On July 15, 2020, the Twitter world was turned upside down. Seemingly out of nowhere, high-profile accounts started tweeting about giving away money and promoting sketchy Bitcoin donation matching.
The likes of Jeff Bezos, Uber, Apple, Barack Obama, Joe Biden, Elon Musk, Bill Gates, and Kanye West all participated in the event—or at least their accounts did. In total, more than 100 accounts were affected.
Twitter’s investigation eventually found out who was responsible for the massive hack. However, not before it was able to essentially shut down the platform for several hours and the hackers collected an estimated $100,000 in Bitcoin.
Now, the teenage hacking group responsible for the largest hack in Twitter’s history is the spotlight of a new documentary that will air on FX and Hulu.
There are a number of good documentary series out there. However, few can match the in-depth investigations and production quality of “The New York Times Presents.”
This week’s episode, scheduled to air on Friday at 10 p.m. EST, will focus on the teen hackers. Titled, “The Teenager Who Hacked Twitter,” it will feature investigative reporting about the incident and break down what went wrong for one of the world’s largest social media platforms.
This isn’t The New York Times’ first investigation of the story. Days after the incident, the paper published an interview with the hackers. A small team of Discord users in their late teens and early 20s was deemed to be responsible.
Ultimately, at the end of July, police in Tampa, Florida, arrested Graham Clark, a 17-year-old. He now faces 17 counts of communications fraud, 11 counts of fraudulent use of personal information, organized fraud of more than $5,000, and accessing computers without authorization. Clark will be tried as an adult and has pled not guilty to all of the charges.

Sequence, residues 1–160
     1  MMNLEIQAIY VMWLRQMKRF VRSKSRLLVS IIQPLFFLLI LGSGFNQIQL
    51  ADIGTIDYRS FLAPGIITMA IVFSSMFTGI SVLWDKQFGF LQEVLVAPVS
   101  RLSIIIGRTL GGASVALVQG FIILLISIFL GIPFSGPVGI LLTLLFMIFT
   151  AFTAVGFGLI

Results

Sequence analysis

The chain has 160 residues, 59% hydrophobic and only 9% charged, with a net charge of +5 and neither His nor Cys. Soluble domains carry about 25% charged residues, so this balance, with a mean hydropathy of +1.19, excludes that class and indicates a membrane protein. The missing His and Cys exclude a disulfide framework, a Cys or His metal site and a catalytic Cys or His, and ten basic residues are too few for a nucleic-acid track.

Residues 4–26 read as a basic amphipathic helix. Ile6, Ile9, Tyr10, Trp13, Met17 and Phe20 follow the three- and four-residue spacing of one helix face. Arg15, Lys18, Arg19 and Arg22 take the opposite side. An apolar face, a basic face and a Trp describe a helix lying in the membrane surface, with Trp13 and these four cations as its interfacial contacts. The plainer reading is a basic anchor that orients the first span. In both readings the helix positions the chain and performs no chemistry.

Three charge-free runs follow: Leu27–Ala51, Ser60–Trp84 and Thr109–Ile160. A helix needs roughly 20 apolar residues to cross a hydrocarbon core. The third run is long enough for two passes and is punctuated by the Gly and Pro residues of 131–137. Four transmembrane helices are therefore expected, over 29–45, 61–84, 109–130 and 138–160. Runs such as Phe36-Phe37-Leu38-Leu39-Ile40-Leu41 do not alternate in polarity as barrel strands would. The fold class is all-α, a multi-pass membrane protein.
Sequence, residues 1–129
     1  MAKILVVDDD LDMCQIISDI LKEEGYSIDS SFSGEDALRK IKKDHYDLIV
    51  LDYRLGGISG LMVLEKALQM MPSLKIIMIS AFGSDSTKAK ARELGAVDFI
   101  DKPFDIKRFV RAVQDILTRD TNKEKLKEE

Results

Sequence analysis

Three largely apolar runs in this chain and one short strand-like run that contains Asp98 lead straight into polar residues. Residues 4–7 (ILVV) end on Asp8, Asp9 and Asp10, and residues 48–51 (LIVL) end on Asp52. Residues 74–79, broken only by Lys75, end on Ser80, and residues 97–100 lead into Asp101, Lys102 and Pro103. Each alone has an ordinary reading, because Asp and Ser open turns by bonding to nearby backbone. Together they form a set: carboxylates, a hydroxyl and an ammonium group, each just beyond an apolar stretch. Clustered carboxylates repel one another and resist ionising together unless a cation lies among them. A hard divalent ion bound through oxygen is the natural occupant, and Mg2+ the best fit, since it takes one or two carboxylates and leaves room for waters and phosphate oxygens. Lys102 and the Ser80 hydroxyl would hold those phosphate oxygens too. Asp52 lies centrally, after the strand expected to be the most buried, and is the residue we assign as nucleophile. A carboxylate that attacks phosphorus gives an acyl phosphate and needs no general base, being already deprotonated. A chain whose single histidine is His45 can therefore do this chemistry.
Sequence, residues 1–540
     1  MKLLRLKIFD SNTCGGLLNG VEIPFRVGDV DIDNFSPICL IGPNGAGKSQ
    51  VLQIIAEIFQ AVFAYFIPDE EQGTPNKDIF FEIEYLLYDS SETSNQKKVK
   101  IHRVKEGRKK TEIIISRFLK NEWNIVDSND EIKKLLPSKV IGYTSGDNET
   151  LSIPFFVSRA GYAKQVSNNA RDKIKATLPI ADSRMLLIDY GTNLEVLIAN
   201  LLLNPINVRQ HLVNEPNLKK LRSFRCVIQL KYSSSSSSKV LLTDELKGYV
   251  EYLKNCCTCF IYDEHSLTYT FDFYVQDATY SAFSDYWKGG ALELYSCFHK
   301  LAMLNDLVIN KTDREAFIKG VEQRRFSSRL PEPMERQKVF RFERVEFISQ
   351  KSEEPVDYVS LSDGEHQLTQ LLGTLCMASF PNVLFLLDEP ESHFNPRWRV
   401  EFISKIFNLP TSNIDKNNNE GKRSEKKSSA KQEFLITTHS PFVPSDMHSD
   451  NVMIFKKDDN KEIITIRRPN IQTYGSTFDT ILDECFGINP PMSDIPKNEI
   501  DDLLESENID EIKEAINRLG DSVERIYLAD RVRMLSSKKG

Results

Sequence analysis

Meanwhile, two others have also been charged in relation to the hack. Mason Sheppard, a 19-year-old from the U.K., and 22-year-old Nima Fazeli were allegedly involved with the incident.
The attack orchestrated by Clark didn’t result in much damage. Aside from those who were scammed into sending Bitcoin, the biggest issue was that most verified Twitter accounts were locked for several hours while the company tried to figure out what was happening.
However, the size and high-profile nature of the attack were unsettling. After all, if a teenager could hijack some of the platform’s most noteworthy accounts, what would stop someone more nefarious from doing so? It also demonstrated that Twitter can be used to create chaos when in the wrong hands.
Moving forward, the company has a lot of work to do. Twitter has become more than a social media platform. It now serves as one of the top news resources in the world and is a crucial means of public communication. With that in mind, hacks like the one in July are simply unacceptable.
Friday’s documentary should certainly be an interesting watch and may even reveal new details about Twitter’s darkest day.